- Prototype / commercial
  • feasibility of U.S. technology
  • Capital Gains tax reduction 26 to 20
  • SBICs cover most of the states
  • Small Business Investment Incentive Act of 1980
    gives rise to Business Development Companies -
    some are SBICs - tapping public investors
  • Section 385 of IRS Code - Whats debt and whats
    equity?
  • SBA raises private capital for SBICs to 1
    million
  • SBA oversight becomes limited because of lack of
    resources
  • Proposal to eliminate SBA in 1985
  • Stock Market collapse in 1987
  • Lack of interest in SBIC formations by private
    sector
  • In 1990 - SBICs had 1.7 billion in private
    capital and SBA leverage of
  • 790 million
  • Between 1981-1990 - SBICs invested 4.4 billion
    in 24,000 transactions with more than 1.2
    billion provided to technology firms
  • Pension funds provided almost 40 of the 24
    billion committed to independent
  • venture funds in the decade
  • Entrepreneur of the Decade - Bill Gates -
    Microsoft

7
  • The Roaring 1990s
  • Venture Capital in Retreat
  • SBICs - Revisited and Restructured - A Counter
    Cyclical Force
  • Internet Emerges - Government / Private Sector
    Partnership Explodes
  • Longest Growth Cycle in History
  • Financial Deregulation After 60 Years
  • Global Merger Mania
  • Largest VC Returns Ever - Millionaires Abound
  • NASDAQ Goes Global
  • A New Entrepreneurial Economy

8
  • 2000 and Beyond - A New Millennium Begins
  • IPOs and Dot Coms and the Economic Cycle
    Clash
  • Stock Market Down
  • VCs Freeze Investing - Limiteds Change
    Interests
  • U.S. Economy in Retreat
  • Geographic Shift in U.S. Focus for Funds /
    Angel Networks Grow
  • VC Activity Outside U.S. Taking Leads in
    Early Stage Deals
  • First Round Venture Funding to Just 1.04
    Billion During
  • 2nd Quarter 2001 - Down 87 from last year
  • Terrorists Hit World Trade
  • Acceleration of Global Impact on Markets
  • Enron and the Fall Out for VC Deals
  • Whats Next ?????????

9
Assessing Traditional Entrepreneurs Vs. The
Scientific Research
  • Total commitment, determination and perseverance
  • Drive to achieve and grow
  • Opportunity and goal oriented - realistic goal
    setting
  • Taking initiative and personal responsibility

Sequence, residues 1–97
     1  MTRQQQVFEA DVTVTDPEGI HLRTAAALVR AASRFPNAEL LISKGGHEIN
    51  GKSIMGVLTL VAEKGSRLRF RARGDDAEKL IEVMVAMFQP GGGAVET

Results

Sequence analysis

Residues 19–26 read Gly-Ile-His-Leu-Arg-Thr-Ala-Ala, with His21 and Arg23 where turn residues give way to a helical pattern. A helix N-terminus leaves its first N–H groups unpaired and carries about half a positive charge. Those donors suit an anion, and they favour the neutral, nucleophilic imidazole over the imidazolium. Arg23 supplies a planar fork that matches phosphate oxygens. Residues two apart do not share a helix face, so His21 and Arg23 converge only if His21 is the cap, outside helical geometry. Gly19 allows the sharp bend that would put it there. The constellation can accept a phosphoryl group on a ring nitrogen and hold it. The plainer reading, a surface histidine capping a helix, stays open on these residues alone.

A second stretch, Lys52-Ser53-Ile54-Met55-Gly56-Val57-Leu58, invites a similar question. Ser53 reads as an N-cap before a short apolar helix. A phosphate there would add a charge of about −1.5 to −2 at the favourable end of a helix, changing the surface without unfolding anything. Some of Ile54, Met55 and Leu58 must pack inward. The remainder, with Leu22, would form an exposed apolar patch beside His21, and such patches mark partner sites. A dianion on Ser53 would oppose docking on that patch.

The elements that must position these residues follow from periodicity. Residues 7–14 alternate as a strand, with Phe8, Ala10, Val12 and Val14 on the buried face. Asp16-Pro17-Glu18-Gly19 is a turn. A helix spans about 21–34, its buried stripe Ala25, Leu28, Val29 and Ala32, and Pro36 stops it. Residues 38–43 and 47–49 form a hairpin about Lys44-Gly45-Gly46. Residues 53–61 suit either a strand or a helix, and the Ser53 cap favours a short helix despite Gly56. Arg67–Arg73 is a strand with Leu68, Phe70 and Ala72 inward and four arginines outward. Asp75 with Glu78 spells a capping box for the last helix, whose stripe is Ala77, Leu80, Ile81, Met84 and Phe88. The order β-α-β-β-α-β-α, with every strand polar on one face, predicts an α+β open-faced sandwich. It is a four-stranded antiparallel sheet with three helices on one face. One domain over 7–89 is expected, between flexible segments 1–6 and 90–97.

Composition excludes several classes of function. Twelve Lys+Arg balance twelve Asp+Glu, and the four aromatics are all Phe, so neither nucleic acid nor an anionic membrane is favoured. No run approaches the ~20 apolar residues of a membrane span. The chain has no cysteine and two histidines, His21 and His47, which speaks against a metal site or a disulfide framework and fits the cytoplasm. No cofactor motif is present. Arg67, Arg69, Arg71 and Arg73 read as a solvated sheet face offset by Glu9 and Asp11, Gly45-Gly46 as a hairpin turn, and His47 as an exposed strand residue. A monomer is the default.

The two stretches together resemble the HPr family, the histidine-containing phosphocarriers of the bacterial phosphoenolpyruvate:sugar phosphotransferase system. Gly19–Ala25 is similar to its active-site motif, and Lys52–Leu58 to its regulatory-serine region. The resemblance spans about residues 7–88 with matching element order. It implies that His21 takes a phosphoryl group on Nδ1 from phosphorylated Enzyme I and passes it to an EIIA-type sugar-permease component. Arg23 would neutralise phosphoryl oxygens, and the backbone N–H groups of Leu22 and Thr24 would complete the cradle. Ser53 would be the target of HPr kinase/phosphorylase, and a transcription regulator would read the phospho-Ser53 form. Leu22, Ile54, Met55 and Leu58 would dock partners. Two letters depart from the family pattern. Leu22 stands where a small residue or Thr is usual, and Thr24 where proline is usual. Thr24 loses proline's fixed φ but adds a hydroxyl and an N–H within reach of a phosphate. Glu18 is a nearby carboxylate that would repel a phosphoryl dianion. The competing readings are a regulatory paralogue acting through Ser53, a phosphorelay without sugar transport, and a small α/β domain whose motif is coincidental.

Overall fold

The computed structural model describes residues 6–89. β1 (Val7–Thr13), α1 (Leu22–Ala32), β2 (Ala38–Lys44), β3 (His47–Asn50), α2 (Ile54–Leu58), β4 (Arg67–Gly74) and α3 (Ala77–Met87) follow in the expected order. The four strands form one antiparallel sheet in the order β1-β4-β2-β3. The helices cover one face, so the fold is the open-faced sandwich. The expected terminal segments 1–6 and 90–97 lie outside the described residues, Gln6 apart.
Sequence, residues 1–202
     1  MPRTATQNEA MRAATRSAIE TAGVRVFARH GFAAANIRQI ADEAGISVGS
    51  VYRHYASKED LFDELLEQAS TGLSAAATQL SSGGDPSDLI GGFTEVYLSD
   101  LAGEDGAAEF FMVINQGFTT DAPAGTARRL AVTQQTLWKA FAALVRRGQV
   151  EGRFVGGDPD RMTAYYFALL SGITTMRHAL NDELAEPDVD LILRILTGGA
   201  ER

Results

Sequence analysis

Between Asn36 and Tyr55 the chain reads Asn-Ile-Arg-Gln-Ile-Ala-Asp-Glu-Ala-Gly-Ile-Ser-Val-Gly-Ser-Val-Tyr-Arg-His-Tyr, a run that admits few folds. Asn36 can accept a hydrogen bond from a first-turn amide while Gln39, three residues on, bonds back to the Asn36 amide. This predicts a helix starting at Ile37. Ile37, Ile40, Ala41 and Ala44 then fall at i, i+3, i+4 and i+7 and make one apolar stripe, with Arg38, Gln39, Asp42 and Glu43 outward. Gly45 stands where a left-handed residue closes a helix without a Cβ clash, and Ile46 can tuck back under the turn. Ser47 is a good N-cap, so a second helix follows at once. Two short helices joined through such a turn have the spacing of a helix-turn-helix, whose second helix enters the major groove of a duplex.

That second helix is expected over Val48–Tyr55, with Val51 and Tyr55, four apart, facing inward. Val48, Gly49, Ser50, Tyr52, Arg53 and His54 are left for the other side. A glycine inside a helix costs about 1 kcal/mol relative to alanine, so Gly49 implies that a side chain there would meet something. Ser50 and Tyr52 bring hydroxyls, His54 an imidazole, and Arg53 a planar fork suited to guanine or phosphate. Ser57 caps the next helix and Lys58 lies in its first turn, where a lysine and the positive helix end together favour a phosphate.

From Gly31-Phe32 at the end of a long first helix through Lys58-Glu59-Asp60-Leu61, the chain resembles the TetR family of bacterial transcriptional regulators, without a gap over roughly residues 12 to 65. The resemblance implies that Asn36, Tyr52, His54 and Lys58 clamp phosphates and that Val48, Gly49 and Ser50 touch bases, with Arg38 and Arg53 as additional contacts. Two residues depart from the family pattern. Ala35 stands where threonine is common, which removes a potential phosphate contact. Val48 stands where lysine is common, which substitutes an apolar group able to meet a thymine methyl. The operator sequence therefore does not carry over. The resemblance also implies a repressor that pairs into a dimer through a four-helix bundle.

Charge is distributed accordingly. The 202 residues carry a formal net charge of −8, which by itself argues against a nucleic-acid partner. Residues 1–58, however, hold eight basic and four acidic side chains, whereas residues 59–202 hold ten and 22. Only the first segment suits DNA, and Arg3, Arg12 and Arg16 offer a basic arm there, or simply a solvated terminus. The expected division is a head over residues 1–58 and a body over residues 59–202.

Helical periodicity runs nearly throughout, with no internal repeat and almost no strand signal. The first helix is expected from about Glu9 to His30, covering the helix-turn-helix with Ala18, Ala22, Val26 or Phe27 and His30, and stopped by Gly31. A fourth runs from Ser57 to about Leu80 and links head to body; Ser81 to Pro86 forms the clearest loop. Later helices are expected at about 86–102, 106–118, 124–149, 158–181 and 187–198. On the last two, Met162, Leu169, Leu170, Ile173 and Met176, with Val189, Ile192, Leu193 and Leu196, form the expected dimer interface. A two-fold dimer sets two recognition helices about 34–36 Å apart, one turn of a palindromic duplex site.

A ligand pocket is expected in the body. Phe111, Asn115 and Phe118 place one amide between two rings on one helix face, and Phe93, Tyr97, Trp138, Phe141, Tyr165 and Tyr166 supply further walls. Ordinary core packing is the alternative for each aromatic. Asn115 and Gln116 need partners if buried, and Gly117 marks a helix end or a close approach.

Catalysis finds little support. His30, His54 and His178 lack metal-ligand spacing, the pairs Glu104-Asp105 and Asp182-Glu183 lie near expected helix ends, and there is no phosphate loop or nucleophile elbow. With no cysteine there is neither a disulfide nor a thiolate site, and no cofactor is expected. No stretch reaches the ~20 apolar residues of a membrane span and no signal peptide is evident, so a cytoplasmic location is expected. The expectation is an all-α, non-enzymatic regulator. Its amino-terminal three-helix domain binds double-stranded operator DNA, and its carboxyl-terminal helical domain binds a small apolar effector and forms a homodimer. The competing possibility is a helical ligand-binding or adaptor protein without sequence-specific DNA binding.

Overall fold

• Persistent problem solving / self imposed
    challenges
  • Awareness of self with sense of humor -
    optimistic
  • Seeks and uses feedback - good talkers /
    listeners
  • Internal locus of control - belief in themselves
  • Tolerance for ambiguity, stress and uncertainty
  • Calculated risk taker and risk sharer
  • High integrity and reliability
  • Copes with failure

10
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11
Life Cycle of a Start-up
  • Basic Steps and Pitfalls to Growing a Business
  • The Agony and Ecstasy at Each Stage of Growth - A
    lonely existence
  • Moving to Professional and Personal
    Rewards/Disappointments
  • Bottom Line Measurements of Success or Failure -
    Economic vs. Personal Goals

12
Capital Sources for Growing Enterprises -
Cyclical Challenges
  • Friends / Family / Angel Investors and Network
  • Government - Prototype and Feasibility - ATP,
    SBIR, State Programs (MIPs), etc.
  • Venture Capital Firms - Which are the right ones?
  • Endowments/Fund of Funds - Bio/Health related
  • Licensing Options - Pros and cons
  • Joint Venturing - Pros and cons
  • Corporate and Corporate Venturing Groups
  • International Balancing Acts

13
Deal Expectations
  • Expectations
  • Know and Keep Focus
  • What is a VC Investment Policy
  • Return on Investment
  • Economic Development
  • Technology
  • Deal Stage of Development
  • What Do Investors Expect
  • Timely Information - Truth
  • Regular Contact - No Surprises
  • What Do Entrepreneurs Expect
  • Money and Confrontation
  • Free Hand

14

Know Your Venture Fund Model
  • Deal Flow
  • Marketing - What Fund is or is Not
  • Sourcing The Right Deals
  • Referrals - Who do you Trust
  • Board Members / Advisors
  • Service Providers
  • Other Funds - Syndicators
  • Banks ??????
  • Internet - Company and Data Base Linkages